Mercury(II) chloride was used as a photographic intensifier to produce positive pictures in the collodion process of the 1800s. When applied to a negative, the mercury(II) chloride whitens and thickens the image, thereby increasing the opacity of the shadows and creating the illusion of a positive image.
For the preservation of anthropological and biological specimens during the late 19th and early 20th centuries, objects were dipped in or were painted with a "mercuric solution". This was done to prevent the specimens' destruction by moths, mites and mold. Objects in drawers were protected by scattering crystalline mercuric chloride over them. It finds minor use in tanning, and wood was preserved by kyanizing (soaking in mercuric chloride). Mercuric chloride was one of the three chemicals used for railroad tie wood treatment between 1830 and 1856 in Europe and the United States. Limited railroad ties were treated in the United States until there were concerns over lumber shortages in the 1890s. The process was generally abandoned because mercuric chloride was water-soluble and not effective for the long term, as well as being highly poisonous. Furthermore, alternative treatment processes, such as copper sulfate, zinc chloride, and ultimately creosote; were found to be less toxic. Limited kyanizing was used for some railroad ties in the 1890s and early 1900s.
Mercuric chloride was a common over-the-counter disinfectant in the early twentieth century, recommended for everything from fighting measles germs to protecting fur coats and exterminating red ants. A New York physician, Carlin Philips, wrote in 1913 that “it is one of our most popular and effective household antiseptics,” but so corrosive and poisonous that it should only be available by prescription. A group of physicians in Chicago made the same demand later the same month. The product frequently caused accidental poisonings and was used as a suicide method.
Syphilis was frequently treated with mercuric chloride before the advent of antibiotics. It was inhaled, ingested, injected, and applied topically. Both mercuric-chloride treatment for syphilis and poisoning during the course of treatment were so common that the latter's symptoms were often confused with those of syphilis. This use of "salts of white mercury" is referred to in the English-language folk song "The Unfortunate Rake".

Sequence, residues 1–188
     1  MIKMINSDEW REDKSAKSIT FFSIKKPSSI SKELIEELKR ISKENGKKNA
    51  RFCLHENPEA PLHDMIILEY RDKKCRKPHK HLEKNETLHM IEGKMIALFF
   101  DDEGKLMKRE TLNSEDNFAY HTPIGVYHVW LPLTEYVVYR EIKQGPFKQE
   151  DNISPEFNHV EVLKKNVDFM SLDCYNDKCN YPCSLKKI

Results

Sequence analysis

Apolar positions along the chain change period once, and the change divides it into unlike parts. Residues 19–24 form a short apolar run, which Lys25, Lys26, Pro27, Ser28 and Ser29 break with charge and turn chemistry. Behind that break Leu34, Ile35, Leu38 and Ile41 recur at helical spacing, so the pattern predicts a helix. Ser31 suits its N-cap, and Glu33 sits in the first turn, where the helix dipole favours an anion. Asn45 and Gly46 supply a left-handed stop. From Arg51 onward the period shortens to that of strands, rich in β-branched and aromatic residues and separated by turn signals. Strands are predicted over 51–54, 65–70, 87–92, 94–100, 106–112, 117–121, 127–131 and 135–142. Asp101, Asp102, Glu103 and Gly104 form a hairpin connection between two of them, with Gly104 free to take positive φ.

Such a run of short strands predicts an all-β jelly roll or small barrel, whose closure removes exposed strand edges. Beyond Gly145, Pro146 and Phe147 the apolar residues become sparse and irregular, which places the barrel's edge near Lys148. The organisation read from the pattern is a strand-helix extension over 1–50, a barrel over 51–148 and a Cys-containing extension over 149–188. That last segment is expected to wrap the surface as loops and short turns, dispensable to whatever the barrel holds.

Yaws was treated with mercuric chloride (labeled as Corrosive Sublimate) before the advent of antibiotics. It was applied topically to alleviate ulcerative symptoms. Evidence of this is found in Jack London's book The Cruise of the Snark in the chapter entitled "The Amateur M.D."
Mercuric chloride is highly toxic, both acutely and as a cumulative poison. Its toxicity is due not just to its mercury content but also to its corrosive properties, which can cause serious internal damage, including ulcers to the stomach, mouth, and throat, and corrosive damage to the intestines. Mercuric chloride also tends to accumulate in the kidneys, causing severe corrosive damage which can lead to acute kidney failure. However, mercuric chloride, like all inorganic mercury salts, does not cross the blood-brain barrier as readily as organic mercury, although it is known to be a cumulative poison.
Common side effects of acute mercuric chloride poisoning include burning sensations in the mouth and throat, stomach pain, abdominal discomfort, lethargy, vomiting of blood, corrosive bronchitis, severe irritation to the gastrointestinal tract, and kidney failure. Chronic exposure can lead to symptoms more common with mercury poisoning, such as insomnia, delayed reflexes, excessive salivation, bleeding gums, fatigue, tremors, and dental problems.
Acute exposure to large amounts of mercuric chloride can cause death in as little as 24 hours, usually due to acute kidney failure or damage to the gastrointestinal tract. In other cases, victims of acute exposure have taken up to two weeks to die.